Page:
The Shadow War

The Stanford Student on the front line of
Ukraine's battle for independence

By Seamus Allen

Maybe I should shower

                                      and put away some of my things. 

                                                      Because in 45 minutes, 

                                                                             the whole world is going to come crashing down.

Catarina Buchatskiy 23’ was eating dinner at Theta house on a Thursday night, the last minute of relative normalcy she would experience for a long while, when the thought flashed through her head.

Forty-five minutes later, right on schedule, Catarina — who goes by Cat — watched live as Vladimir Putin announced a ‘special military operation’ to ‘denazify Ukraine.’

“Before he finished speaking, I was already on the phone with my mom,” Cat said. “She had been watching, she was already bawling.”

That first night, Cat got in touch with her fellow Ukranians at Stanford. Together, they watched live streams of the invasion unfolding from a room in EVGR until the sun rose. In the morning, they started to act. 

Her days were suddenly impossibly full. Cat led protests, attended speaker events, and spoke with reporters. 

“Everyone’s seeing the parts of Cat that I think are so important to her but aren’t always shown on an everyday basis,” Cat’s roommate, Davina Field-Marsham 23’, told me.

Cat describes the days that followed as a blur. Partially, it was a lack of sleep: the fighting was most intense around 3 and 4 a.m. Pacific Time. Cat stayed up every night to watch what was happening to her country.

ukrain war
Ukrainian refugees take shelter under a bridge in Kyiv in early March, shortly after the Russian invasion began; Ukrainian refugees sheltering beneath a bridge in Kyiv, 5 March. (CREDIT: Unknown / WIKIPEDIA COMMONS)

“Seeing her go through it is really, really hard,” says Davina. “She has helped the rest of the Ukrainian students and has touched so many people even within the first week… but she still obviously felt helpless.” Cat couldn’t concentrate on classes, couldn’t stand to watch from the other side of the world as her country burned. She had to go back.

At first, she considered enlisting in the Ukrainian military. As she wrote for the San Francisco Chronicle, “Every instinct in my body tells me to go into Ukraine, pick up arms and fight… and I feel an immense sense of duty to give my life back to it.”  

She ultimately didn’t enlist, deciding her talents could be put to better use elsewhere. She still isn’t sure she made the right decision. 

The idea of returning to Ukraine — let alone taking up arms — didn’t go over well with her parents: they’d fled Ukraine to the United States back in 2014 in the wake of the annexation of Crimea. “I don’t want my daughter going into a war zone,” her mother told her.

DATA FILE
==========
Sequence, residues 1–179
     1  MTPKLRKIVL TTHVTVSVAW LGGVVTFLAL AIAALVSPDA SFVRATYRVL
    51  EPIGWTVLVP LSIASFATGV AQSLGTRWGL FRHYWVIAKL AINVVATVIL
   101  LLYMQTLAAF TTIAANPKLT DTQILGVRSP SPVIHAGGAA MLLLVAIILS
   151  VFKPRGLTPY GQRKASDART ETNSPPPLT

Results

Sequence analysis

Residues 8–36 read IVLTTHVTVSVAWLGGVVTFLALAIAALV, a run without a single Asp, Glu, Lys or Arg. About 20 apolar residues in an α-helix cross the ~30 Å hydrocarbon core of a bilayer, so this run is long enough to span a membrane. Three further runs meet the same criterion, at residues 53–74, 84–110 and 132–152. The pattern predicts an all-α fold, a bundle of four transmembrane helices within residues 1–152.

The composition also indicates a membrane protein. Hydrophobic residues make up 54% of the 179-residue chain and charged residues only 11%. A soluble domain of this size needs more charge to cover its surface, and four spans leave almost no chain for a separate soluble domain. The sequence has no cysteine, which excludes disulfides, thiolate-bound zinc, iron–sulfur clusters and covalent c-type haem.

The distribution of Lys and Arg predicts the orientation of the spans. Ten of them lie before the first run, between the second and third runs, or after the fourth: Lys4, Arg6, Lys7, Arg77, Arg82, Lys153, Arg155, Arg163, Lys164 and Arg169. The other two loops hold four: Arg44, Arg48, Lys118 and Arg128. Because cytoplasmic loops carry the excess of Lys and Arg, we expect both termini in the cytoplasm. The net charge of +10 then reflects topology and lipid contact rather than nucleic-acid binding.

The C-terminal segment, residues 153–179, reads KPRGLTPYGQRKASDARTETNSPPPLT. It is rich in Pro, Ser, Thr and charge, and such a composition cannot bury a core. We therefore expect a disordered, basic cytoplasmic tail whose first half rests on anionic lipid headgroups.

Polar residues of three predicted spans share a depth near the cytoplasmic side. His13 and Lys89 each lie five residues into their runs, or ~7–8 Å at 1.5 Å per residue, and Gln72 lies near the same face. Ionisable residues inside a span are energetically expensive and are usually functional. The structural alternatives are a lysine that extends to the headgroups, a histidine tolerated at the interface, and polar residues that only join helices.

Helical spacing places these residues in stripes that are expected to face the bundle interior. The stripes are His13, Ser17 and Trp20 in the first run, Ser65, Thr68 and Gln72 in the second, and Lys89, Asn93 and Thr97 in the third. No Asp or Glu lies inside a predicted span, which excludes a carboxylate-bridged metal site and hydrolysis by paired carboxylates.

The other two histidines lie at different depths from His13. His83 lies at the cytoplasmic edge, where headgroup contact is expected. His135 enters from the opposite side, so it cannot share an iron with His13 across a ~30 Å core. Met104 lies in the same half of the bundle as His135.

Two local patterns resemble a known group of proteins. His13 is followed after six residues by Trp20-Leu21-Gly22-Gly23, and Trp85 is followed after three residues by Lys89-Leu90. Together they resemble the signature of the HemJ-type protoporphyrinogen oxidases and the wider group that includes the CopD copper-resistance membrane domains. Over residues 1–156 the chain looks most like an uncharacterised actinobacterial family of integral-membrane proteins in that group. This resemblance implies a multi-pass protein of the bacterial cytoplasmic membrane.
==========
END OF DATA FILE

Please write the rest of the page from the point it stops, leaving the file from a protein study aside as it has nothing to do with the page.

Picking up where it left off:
But Cat wouldn’t be stopped. She decided to meet up with her friends in Poland. From there, she could help the refugees, coordinate aid and continue her activism. A few days later, she called her mother again. 

“I said, ‘I just want you to know that I’m going [to Poland] on Saturday.’ And that was that.” 

“I was happy that her parents were going to let her go,” Davina said. “I think that was the only thing that was holding her back.”

Cat’s departure didn’t come as a surprise to Davina. She and Cat met on the first day of NSO in freshman year, and have been close friends ever since. “I kind of saw it coming,” she explained. “Ukraine is literally Cat’s entire life.”

That’s a sentiment that Cat would probably agree with. “For a lot of the West, this is a breaking conflict that started a week ago. For Ukrainians, we’ve been thinking about this for centuries,” she told me. “In my case, for years.” 

Growing Up Ukrainian

Cat’s awakening to her Ukrainian identity came on the day of the ‘Million Man March’ in Kyiv. That day was a key part of Ukraine’s Revolution of Dignity: what started as a protest against the failure of the government to sign a free trade agreement with the EU grew into a full-scale uprising against political corruption and Russian imperialism, culminating in the overthrow of the Ukrainian government three months later.

The day of the march coincided with her 13th birthday. She redecorated her cupcakes in the colors of the European Union, and brought them out to protestors in the streets. “I was so excited to celebrate myself,” she recounted. “Instead, I found myself taking part in something so much bigger.”

On that day, Cat realized that she would never be able to fully distinguish between her personal life and her public one. “There’s no such thing as having a personal life when you can’t have independence in your country,” Cat said.

Rally on Euromaidan, near Kyiv, 02 February, 2014
Rally on Euromaidan, near Kyiv, 02 February, 2014 (CREDIT: Ввласенко / WIKIPEDIA COMMONS)

That experience followed her all the way to Stanford University. She chose her major, International Relations, as something she could use to help Ukraine, and began taking courses in Ukrainian History. One of those was ‘Ukraine at a Crossroads,’ taught by professor Yuliya Ilchuk. They had been discussing politics, statehood, and nationalism. All things Cat understood. Until one day, when Professor Ilchuk announced that the class would discuss the Ukrainian avant-garde for that week’s lesson. 

“I had no idea what that meant,” Cat recounted. “I came into class very lost on what the relevance of this avant-garde movement was to my life, to Ukraine’s history, and to my story as a Ukrainian.”